It is not often that the lone female will respond to the cat calls that come from the other side of the road in a positive manner. The young man in question looked really rather surprised as I stopped in my tracks and hot footed it over in his direction!
No, I had not been seduced by the ancient courting ritual of ‘shouting boorishly at strangers in the street’, but such was my desperation last Tuesday, that I found myself whipping my script out of my bag and demanding the chap drop his drill and read my lines to me. Yes, I spent last week agonising over what, I have now decided, is the hardest accent in the world. The Geordie in question was more than happy to oblige me with a brief lesson, but luckily for me, a kindly director has since put me out of my misery and has allowed my ‘randy student’ to relocate from Strother to Cambridge (maybe it wasn’t kindness, maybe it was the fear of riling up the north eastern contingent of our audience…) So for now I shall postpone ordering the box set of ‘Extreme Fishing with Robson Green’, and allow myself to enjoy Ant and Dec without analysing their vowel sounds.
There is, in reality, very little time to enjoy much of anything except rehearsing at every given opportunity at the moment. For there are three little words that have scared me so much I hesitate to put them to paper. Deep breath… We. Open. Tomorrow.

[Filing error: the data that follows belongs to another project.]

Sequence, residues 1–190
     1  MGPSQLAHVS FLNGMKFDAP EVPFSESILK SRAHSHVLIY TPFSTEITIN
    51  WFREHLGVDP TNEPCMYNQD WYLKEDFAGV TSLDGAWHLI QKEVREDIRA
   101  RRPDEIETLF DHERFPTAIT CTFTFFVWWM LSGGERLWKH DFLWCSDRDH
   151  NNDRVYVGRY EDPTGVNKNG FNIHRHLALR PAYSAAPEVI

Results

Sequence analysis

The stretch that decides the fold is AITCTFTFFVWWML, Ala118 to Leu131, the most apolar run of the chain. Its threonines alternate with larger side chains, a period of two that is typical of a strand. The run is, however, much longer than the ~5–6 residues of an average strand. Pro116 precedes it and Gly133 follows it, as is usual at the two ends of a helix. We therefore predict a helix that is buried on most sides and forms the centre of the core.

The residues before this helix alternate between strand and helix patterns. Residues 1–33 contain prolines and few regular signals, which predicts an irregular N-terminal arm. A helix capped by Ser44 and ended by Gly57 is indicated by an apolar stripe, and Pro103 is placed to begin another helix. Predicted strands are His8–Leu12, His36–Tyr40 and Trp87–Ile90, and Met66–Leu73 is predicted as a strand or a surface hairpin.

As with every single show I’ve ever been involved in, I want more time. There never seems to be enough, and the time you do have disappears faster than a packet of chocolate digestives in a green room. We have press night on Wednesday and there is more character work I can do, more experimenting to be had, more levels to develop… just, you know, MORE. However, the truth of the matter is that this is one show that needs an audience.
We can do as much prep as we like, but just to make our lives a little bit easier Tacit are turning the space into a fully functioning tavern. The Tabard Inn will be fully stocked with parsnip wine, ye olde folk music and hopefully an audience that will embrace the spirit of the thing. The concept is an immersive experience for the audience (as in, you can immerse yourself in ale and mulled wine) and Director Daplyn is encouraging us to promote an atmosphere in which audience members will feel able to get up ‘mid-tale’ and take themselves off to the privy or what have you. The long and short of it is, if an audience member decides to plonk themselves down where the Reeve had intended to do his chicken feathering then, well… we’ll just have to do it somewhere else. Or come up with some inventive and Chaucer-like way of budging said audience member. Probably with a big stick.
Though we have just about acclimatised to the space, the show is going to be so dependent on the numbers in the audience, their reactions and how we deal with them. And that’s going to be something we’ll just have to get used to as we go along. I am particularly looking forward to shooing my ‘I like the actors to stay on the stage and maybe sing a ballad’ mother out of the way to make space for a bit of medieval hanky-panky. Which is like modern hanky-panky but with hessian duvets. Good times.